Omnex unveils Six Sigma initiatives in India
Chennai: Omnex Quality and Management Consultants, a wholly owned subsidiary of
Omnex, Inc., has launched its Six Sigma consulting division here. The US company
is an international consulting, training and software outfit, specializing in business
and quality improvement methodologies.
So what is Six Sigma, and how is it different from other quality systems like ISO
9000 series, Deming, Malcolm Baldrige, Toyota Production System, and Lean Manufacturing?
says principal consultant in performance excellence and Six Sigma Master Blackbelt
for Omnex Engineering and Management, Inc. Gregory F Gruska: "It is a systematic
and holistic approach to reduce defects and wastes by beefing up the bottom line
and returns on investments."
The process involves use of statistical tools to observe process variables and manage
the variances and characteristics with active involvement of the top management,
as it is a company-wide activity. The other basic tenets are: focusing on projects
that will provide immediate tangible returns and dedicating fulltime resources for
"The Six Sigma process involves recognizing and defining the problem by the 'champion'
- the management representative. Then the 'black belt' - consultant - takes over
and will measure (identify the key process inputs and outputs and evaluate the ability
to control them), analyse (arriving at the key inputs that influence the key process
outputs), improve (find out the process changes that will bring about the most improvement)
and control (establishment of mechanisms to lock in the improvements)," says Gruska.
"Six Sigma does not compete with other quality initiatives. It is one more approach
towards increasing profitability," says Vice President of Omnex Asia Operations.
"It is not a problem-solving tool, but a systematic technique to improve profitability."
Gruska says companies wanting to reduce its internal and external costs (scrap,
warranty, rework, repair, retrofits, downtime, service calls, redesign, recalls,
excess inspection and lost sales) should have Six Sigma initiatives.
"Six Sigma was developed by Bill Smith at Motorola where it was implemented in 1987.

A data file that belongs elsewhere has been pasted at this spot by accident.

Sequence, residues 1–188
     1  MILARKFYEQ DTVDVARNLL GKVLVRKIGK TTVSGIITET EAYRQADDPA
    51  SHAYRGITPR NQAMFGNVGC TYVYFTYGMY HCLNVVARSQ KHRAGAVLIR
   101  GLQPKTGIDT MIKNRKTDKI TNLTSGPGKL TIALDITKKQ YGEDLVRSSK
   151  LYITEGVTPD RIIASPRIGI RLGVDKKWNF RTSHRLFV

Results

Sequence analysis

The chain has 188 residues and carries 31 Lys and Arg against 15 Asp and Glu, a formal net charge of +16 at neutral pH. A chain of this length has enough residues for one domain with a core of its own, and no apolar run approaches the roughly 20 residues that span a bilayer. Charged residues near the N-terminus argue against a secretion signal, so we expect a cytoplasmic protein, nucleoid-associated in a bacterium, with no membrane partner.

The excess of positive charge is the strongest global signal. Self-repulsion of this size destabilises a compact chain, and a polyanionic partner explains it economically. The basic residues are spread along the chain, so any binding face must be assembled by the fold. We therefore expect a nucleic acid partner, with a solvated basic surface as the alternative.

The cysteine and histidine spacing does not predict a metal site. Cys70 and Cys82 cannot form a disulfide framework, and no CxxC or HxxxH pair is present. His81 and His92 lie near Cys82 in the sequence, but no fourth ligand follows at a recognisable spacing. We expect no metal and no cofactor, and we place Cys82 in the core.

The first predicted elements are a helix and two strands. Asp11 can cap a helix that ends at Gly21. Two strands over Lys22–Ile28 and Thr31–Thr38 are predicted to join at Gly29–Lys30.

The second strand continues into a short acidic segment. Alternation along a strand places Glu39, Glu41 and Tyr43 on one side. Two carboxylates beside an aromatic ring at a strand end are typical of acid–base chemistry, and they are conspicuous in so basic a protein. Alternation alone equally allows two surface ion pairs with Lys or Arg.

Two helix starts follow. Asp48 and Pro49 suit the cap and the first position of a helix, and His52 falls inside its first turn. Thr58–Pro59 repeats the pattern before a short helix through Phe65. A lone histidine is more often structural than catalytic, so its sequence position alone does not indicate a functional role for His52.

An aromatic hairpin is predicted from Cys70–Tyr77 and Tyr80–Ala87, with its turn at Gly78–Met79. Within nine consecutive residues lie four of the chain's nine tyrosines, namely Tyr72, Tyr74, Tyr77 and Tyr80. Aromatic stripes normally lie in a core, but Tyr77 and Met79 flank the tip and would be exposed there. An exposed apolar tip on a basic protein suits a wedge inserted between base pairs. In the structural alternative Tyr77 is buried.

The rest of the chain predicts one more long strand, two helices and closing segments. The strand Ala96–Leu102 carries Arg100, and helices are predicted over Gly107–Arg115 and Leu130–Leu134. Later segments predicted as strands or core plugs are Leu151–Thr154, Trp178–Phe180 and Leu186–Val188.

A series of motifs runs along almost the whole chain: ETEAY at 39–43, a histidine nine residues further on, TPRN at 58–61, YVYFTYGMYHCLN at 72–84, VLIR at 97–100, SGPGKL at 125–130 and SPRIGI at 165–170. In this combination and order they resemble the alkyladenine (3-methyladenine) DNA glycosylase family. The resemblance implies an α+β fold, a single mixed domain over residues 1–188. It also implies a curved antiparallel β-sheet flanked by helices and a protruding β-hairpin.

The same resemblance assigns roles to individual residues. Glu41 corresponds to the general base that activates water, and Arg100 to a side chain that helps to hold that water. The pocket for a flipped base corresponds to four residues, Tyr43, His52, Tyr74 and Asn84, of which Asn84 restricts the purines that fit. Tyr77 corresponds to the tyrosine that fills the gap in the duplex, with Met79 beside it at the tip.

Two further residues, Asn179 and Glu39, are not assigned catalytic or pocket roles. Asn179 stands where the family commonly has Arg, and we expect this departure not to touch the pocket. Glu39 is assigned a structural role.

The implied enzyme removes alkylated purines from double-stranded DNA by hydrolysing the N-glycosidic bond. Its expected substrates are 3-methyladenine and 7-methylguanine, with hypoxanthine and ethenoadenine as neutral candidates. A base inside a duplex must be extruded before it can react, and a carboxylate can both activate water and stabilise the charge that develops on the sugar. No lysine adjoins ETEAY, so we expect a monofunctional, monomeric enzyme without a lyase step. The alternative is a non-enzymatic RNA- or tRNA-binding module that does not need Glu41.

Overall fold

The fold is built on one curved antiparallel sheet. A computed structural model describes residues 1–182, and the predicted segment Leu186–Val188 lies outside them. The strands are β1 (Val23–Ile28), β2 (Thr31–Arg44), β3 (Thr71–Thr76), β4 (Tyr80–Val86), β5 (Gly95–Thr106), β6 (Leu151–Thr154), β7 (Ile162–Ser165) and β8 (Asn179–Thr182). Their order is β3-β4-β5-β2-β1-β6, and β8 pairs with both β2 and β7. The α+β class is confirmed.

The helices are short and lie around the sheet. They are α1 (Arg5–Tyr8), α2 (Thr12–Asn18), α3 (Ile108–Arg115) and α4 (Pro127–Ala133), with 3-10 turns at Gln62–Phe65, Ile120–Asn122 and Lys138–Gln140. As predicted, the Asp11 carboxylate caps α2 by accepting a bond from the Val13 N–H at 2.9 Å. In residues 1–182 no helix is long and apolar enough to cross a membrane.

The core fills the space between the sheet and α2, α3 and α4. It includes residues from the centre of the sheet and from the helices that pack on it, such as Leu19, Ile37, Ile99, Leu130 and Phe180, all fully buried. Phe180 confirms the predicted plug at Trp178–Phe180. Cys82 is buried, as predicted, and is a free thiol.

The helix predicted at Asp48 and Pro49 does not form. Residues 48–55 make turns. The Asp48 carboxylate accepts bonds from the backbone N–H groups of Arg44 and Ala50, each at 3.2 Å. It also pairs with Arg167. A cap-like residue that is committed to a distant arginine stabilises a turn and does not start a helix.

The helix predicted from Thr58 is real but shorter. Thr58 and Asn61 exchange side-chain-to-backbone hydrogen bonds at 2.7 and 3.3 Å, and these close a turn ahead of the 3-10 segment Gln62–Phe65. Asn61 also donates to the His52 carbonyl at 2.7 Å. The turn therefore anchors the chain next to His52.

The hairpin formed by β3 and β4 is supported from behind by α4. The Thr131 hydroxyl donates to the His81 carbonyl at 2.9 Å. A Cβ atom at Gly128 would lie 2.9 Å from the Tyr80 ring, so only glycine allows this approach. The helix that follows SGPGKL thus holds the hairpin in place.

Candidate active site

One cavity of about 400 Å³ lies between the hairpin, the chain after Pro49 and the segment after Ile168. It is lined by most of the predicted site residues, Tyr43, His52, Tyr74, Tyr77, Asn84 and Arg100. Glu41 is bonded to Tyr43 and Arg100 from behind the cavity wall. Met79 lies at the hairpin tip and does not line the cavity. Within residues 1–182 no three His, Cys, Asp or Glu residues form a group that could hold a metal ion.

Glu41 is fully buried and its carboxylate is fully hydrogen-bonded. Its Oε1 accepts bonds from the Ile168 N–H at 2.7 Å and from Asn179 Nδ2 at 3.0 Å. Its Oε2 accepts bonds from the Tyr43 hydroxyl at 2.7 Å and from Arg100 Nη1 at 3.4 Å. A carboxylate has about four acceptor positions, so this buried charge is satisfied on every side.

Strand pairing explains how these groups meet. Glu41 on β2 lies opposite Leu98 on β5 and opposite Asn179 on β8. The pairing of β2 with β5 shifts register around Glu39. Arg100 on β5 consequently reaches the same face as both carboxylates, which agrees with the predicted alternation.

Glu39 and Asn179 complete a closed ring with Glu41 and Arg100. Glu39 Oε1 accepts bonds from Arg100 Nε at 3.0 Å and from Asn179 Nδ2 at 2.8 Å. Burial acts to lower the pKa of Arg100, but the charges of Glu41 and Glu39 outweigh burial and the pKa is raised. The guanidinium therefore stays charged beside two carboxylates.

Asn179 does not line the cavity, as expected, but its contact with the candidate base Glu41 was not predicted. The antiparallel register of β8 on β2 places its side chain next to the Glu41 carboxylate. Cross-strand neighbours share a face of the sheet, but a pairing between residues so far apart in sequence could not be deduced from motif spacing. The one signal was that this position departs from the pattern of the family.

The next year, Motorola won the Malcolm Baldrige quality award (America's Deming).
Since then several companies have adopted the process," Gruska traces the history.
According to him, there is immense potential to cut costs and wastes to increase
profits. A company is said to have achieved Six Sigma level (final stage) when the
defective product level is just 3.4 parts per million (ppm) or, as Gruska puts it,
3.4 defects per million opportunities.
"Companies with the cost of poor quality ranging between 30 and 40 per cent of their
sales are not competitive. The industry average is around 15 to 20 per cent and
these companies are in the level of 4 Sigma with 6,210 ppm/defects per million of
The next higher-level companies suffer poor quality cost ranging between 10 and
15 per cent of their sales, which translates into 233 ppm. "The world-class is the
next stage, that is where the cost of poor quality is less than 10 per cent of the
sales, and the production defect is 3.4 ppm. There is an opportunity to bridge the
quality gap between 4 and 6 Sigma levels."
Referring to the price pressures faced by global auto companies, which in turn impacts
the component suppliers, Gruska says the only way a company can protect or show
growth in the bottomline is by cutting down its costs. The one cost that is within
the reach of a company to cut is waste and defects.
The Six Sigma approach is applicable for all industries and not particularly to
the auto sector alone, though Omnex's Indian subsidiary is more associated with
Indian auto players.
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